Ports to issue lifetime ban after IFA fine for racial abuse

Alvin Rouse. Pic by PressEye Ltd.
Alvin Rouse. Pic by PressEye Ltd.

Portadown Football Club chairman Roy McMahon has warned of a lifetime ban to anyone found guilty of racial abuse at a match.

The Irish Football Association Disciplinary Committee this week imposed a £1,000 fine on the Ports following a report by Ballinamallard United goalkeeper Alvin Rouse in relation to August’s Danske Bank Premiership game.

It is understood that Rouse was the victim of racial abuse during the game at Ferney Park and the player reported the comments to an assistant referee.

“This is a totally unacceptable situation and must be stamped out,” said Portadown club secretary Bill Emerson. “We are using CCTV footage and personal accounts, including Alvin’s, to help identify the perpetrator/perpetrators and supporters must be encouraged to come forward to help bring those responsible before the courts.

“The stance of the chairman and club is clear, that anyone found guilty of racial abuse will be banned from Shamrock Park for life.

“Racial or sectarian abuse is not acceptable and strong measures will be implemented to ensure that such behaviour is eradicated from within our fanbase.

“This situation will only discourage decent supporters from attending games as well as turning sponsors away from Portadown FC.

“A further course of action taken is a ban on the appearance of a Confederate flag at any of our games, home or away, given the racist connotations associated with that flag.”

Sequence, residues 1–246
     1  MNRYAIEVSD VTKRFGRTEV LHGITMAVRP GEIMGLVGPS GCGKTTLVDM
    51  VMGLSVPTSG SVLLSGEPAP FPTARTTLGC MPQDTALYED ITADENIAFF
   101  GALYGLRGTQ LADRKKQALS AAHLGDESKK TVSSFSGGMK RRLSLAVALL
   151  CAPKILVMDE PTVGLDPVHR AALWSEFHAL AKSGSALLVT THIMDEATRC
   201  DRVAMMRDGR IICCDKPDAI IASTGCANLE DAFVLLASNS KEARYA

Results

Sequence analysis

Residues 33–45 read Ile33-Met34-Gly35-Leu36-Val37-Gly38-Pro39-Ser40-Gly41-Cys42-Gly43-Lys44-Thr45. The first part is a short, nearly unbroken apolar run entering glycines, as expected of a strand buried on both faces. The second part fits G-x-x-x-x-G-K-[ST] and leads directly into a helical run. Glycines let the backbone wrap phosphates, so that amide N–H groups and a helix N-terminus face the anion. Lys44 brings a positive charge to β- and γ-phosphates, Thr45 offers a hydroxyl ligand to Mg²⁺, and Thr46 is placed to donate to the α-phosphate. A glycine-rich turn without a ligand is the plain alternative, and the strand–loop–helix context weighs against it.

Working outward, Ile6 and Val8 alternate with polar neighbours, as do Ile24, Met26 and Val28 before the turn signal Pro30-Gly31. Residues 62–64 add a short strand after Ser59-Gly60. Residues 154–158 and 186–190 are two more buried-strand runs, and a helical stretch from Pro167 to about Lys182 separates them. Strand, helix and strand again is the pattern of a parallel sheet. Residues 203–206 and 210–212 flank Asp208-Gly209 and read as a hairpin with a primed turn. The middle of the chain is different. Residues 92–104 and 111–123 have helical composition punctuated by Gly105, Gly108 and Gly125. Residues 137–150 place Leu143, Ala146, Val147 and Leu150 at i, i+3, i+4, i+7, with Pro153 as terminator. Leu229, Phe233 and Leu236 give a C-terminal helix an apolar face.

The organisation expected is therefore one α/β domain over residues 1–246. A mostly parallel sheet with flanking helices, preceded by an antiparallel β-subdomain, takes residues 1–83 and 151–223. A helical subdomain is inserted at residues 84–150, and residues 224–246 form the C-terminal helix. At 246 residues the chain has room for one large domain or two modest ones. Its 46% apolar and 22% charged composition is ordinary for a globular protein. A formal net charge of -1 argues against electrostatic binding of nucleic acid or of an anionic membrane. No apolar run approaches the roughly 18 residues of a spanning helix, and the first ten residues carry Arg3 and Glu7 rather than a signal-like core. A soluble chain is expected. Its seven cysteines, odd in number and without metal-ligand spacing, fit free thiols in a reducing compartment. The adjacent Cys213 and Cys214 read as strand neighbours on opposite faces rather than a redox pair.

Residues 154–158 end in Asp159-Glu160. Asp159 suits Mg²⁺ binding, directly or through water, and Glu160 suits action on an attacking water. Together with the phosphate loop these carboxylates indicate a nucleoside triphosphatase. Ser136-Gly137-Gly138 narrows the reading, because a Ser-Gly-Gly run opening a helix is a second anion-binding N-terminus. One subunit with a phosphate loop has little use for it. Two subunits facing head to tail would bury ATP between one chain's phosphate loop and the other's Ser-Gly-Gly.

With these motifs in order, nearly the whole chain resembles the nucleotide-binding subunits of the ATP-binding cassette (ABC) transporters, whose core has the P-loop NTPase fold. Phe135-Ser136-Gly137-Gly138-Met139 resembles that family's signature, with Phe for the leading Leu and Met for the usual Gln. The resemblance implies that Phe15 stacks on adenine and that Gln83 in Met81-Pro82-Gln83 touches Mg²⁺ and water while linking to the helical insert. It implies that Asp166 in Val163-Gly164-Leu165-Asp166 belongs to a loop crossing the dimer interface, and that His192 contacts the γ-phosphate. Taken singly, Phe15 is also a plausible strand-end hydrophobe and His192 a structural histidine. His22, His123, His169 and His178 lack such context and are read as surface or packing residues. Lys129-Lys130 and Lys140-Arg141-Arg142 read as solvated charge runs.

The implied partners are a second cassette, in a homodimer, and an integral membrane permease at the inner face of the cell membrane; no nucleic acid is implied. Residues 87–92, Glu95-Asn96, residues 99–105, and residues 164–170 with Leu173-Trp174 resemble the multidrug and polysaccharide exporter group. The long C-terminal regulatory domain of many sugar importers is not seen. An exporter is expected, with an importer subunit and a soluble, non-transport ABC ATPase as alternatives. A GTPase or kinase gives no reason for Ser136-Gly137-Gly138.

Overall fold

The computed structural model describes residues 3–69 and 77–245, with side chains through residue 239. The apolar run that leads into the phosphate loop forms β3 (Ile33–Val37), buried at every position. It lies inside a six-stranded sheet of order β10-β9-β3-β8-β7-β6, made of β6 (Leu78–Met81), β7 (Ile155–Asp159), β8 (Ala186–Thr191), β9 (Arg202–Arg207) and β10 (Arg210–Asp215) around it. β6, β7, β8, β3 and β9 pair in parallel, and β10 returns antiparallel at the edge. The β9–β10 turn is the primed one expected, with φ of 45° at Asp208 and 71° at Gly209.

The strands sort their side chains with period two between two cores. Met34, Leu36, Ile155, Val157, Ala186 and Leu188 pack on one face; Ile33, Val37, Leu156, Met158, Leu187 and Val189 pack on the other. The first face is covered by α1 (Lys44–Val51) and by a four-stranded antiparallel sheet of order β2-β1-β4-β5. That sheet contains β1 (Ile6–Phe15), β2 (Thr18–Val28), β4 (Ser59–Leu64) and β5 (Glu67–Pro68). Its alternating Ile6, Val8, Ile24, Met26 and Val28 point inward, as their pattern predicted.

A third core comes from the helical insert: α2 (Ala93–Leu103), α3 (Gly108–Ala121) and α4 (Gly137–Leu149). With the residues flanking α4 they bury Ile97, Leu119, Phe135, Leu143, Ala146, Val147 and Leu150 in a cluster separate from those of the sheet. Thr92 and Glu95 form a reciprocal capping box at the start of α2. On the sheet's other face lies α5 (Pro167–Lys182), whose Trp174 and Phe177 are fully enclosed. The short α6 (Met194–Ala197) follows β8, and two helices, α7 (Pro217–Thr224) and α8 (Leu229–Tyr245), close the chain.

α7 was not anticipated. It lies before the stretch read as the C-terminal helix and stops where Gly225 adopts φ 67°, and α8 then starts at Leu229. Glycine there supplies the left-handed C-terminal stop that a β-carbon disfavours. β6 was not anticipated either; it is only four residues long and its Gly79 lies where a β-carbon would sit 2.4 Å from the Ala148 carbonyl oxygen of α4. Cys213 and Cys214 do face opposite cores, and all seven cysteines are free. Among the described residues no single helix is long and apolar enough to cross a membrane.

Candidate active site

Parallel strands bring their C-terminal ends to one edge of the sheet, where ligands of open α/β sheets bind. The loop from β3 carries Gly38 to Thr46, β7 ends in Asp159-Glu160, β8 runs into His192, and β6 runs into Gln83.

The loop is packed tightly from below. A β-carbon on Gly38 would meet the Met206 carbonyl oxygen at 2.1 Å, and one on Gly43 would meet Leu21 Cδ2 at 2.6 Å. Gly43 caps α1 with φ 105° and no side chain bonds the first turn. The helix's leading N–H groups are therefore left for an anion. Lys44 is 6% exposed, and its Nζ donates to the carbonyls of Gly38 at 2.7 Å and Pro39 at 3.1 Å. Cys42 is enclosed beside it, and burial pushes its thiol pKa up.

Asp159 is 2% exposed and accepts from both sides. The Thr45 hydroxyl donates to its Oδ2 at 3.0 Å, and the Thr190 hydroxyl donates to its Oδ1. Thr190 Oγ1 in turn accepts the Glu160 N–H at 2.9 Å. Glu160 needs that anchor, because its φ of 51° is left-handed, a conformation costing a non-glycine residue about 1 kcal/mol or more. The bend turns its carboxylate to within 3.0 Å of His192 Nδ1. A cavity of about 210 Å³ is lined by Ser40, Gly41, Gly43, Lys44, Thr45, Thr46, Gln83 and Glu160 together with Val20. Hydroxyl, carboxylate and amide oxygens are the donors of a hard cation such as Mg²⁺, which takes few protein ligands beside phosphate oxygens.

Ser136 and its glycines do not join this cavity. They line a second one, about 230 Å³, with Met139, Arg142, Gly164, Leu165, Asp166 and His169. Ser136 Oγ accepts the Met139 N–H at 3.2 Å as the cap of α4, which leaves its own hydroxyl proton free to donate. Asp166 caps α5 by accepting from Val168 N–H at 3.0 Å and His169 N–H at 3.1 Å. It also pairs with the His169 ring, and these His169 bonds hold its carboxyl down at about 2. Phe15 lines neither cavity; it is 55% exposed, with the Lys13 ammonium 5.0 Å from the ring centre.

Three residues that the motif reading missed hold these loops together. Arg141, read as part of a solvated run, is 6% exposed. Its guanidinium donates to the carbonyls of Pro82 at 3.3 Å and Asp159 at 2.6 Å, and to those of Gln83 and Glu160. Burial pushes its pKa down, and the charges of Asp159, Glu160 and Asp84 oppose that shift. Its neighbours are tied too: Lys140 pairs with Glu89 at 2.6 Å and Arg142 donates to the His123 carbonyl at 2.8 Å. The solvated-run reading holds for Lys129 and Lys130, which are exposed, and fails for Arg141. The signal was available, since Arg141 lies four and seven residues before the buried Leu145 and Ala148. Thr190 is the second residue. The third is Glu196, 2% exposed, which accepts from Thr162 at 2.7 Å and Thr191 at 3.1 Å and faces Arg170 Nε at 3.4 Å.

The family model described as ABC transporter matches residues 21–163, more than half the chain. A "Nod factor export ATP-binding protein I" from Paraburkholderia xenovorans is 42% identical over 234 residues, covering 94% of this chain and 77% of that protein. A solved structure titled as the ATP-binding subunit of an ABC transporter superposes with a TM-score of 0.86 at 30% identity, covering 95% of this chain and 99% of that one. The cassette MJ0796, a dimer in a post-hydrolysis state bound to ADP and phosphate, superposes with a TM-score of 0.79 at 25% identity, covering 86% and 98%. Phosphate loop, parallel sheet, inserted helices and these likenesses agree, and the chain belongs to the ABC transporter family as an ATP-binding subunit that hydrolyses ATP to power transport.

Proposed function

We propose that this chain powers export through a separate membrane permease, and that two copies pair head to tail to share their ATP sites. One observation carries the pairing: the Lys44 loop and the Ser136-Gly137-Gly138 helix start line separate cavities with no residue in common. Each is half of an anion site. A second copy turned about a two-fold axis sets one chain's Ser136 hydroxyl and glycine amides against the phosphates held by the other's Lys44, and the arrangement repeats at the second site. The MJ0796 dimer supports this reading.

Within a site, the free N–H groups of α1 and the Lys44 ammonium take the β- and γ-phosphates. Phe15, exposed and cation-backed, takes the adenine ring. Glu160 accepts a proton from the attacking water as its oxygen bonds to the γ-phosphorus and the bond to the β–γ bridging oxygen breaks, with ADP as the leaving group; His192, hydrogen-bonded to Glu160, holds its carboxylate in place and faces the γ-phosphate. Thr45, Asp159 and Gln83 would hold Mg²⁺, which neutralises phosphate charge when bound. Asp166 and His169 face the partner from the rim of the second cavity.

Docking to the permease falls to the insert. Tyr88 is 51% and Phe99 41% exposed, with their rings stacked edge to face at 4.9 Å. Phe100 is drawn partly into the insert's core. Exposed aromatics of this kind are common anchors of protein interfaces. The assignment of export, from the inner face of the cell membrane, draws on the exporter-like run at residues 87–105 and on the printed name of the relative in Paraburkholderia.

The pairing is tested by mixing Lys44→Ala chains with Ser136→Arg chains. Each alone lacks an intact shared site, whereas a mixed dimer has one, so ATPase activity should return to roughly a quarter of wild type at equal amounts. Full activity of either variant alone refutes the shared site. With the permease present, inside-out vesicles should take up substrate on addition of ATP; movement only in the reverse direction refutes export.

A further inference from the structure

Portadown supporters have discussed raising the funds to cover the £1,000 fine and a Shamrock Park bucket collection could take place among the fanbase at Saturday’s league game with Ballymena United.

Portadown officials are also keen to review the system relating to reports of racial abuse.

“We have recommended to the IFA Disciplinary Committee that a new protocol needs implemented to tackle such incidents at the time,” said Emerson. “Alvin informed the assistant referee, who reported it to the match referee after the game.

“Our suggestion is that a much more effective response would be for the referee to be told immediately, for him to then halt the match if felt necessary and inform security personnel.

“That way, there’s a much better chance of apprehending the culprit at the time, rather than trying to identify him days or weeks later.

“Our recommendation was accepted and the Disciplinary Committee apologised for the hefty fine but, under the current rules, if a club is found guilty then that is the minimum penalty available to them.”